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1. See it for yourself. This can be tricky with a moon landing or an undersea nuclear submarine collision, but you get the point. You've got to be there. If sealed borders or gunplay keep you from getting close, find the next best vantage point.

2. Find your fixer. Good local stringers with multiple skills are the backbone of global reporting. They help you get credentials, find sources, and score a solid vehicle with clean fuel. As translators, they are your ears. They take you into homes. On occasion, they save your life.

3. Think particular, not general. This is from Hugh Mulligan, a past AP correspondent for whom “legend” is no cliché. When I once wrote about refugees “with their belongings on their heads,” he made it “with cooking pots, torn blankets, and bundles of sticks...” Better.

4. To be lucky, be where luck happens. You can trace this back to Voltaire: inspiration comes to the prepared mind. If you analyze how events are taking shape and expend the effort to follow your instincts, you'll find all the luck you can handle.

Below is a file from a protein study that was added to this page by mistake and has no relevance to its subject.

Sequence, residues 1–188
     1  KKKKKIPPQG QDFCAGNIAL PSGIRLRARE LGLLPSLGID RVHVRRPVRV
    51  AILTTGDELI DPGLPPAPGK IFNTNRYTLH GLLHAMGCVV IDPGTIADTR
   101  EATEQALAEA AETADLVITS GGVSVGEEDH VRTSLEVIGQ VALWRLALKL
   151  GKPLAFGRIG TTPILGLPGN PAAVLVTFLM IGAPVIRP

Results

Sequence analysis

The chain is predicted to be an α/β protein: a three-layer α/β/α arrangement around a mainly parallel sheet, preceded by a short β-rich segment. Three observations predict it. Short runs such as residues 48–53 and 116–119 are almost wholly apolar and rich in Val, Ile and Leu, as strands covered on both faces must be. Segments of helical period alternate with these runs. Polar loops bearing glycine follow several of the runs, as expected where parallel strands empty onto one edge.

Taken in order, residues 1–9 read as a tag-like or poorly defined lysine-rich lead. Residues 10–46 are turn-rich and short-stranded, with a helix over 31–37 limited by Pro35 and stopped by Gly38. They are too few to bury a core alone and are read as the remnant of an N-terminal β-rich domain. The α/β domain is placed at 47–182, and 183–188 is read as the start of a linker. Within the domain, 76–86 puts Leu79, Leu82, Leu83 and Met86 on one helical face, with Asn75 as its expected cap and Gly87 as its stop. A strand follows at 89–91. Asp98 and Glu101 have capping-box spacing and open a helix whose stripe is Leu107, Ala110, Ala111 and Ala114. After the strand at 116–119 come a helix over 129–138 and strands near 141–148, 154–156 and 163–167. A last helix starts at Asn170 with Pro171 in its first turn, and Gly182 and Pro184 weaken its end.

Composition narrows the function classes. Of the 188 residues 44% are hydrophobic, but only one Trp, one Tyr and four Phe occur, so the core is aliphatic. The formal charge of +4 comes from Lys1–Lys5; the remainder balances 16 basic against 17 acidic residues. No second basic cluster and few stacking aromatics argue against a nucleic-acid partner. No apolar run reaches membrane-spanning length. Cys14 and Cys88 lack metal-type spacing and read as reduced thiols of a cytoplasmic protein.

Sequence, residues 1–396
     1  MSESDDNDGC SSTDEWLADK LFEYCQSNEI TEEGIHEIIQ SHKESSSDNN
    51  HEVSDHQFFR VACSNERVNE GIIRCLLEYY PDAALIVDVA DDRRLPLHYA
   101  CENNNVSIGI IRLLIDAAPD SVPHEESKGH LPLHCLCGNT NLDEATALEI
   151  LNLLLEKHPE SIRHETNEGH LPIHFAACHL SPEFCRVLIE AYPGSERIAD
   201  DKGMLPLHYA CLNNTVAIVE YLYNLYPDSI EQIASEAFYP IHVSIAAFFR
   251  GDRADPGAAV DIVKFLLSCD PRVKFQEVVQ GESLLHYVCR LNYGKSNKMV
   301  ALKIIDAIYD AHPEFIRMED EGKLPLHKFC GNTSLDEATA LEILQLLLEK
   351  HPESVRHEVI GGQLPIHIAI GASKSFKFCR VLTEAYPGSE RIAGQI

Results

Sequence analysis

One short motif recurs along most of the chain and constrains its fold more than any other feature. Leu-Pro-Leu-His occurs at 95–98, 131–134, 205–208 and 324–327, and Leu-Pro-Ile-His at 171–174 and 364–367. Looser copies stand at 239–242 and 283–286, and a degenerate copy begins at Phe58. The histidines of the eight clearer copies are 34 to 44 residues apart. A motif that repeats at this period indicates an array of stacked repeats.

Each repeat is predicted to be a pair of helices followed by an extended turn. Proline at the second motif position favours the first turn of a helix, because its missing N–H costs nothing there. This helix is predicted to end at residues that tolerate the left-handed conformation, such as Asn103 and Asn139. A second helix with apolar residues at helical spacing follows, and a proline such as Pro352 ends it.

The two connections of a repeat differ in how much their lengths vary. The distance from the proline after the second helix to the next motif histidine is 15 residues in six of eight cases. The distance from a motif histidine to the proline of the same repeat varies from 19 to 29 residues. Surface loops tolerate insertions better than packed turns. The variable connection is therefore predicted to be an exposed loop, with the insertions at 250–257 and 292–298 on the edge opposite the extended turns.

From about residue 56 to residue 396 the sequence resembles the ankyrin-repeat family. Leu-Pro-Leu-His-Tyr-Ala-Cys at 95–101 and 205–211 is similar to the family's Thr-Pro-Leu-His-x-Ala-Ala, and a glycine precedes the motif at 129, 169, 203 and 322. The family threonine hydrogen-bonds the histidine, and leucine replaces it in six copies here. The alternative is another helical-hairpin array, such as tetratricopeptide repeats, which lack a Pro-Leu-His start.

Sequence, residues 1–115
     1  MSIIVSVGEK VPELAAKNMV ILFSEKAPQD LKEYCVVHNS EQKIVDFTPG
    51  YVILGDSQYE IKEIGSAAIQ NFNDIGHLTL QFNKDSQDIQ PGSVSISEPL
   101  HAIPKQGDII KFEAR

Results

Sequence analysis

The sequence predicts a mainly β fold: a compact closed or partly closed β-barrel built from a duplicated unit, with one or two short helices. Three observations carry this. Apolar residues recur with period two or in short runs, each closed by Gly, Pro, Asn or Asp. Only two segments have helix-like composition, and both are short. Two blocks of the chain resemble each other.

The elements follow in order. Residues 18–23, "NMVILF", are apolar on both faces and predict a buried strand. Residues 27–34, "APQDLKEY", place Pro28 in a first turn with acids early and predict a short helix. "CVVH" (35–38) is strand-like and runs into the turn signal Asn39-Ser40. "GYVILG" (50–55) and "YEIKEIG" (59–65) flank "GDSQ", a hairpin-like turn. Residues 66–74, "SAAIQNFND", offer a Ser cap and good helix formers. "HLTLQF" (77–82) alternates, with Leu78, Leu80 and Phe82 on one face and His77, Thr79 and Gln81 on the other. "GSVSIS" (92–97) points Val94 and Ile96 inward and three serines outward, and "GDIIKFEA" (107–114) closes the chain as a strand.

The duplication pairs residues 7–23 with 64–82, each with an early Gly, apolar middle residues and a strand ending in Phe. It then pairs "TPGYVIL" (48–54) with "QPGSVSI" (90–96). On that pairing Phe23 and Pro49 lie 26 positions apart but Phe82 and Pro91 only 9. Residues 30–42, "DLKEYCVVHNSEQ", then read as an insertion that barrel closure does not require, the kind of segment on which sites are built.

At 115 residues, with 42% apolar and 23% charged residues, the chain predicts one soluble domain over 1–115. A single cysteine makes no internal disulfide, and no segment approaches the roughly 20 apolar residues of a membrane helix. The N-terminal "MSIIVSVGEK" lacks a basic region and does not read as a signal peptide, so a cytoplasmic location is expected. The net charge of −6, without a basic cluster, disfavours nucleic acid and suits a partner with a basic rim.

5. Check back, keep at it. Remember the Dag Hammarskjold crash. People make mistakes, and they lie. A quick check on the Web may result in repeating someone's mistake. Go back to original sources. Then double check with new ones.

6. Take names, write down numbers.You will be astonished at who suddenly gets to be pertinent to a story. Reporters are no better than their contacts. Nurture them over time. Remember if they like cigars or good chocolate.

7. Show interest. If you don't feel it, feign it. People notice when your mind wanders. If they think you don't care what they have to say, they'll stop saying it. And what emerges if they warm up is what you want most.

 

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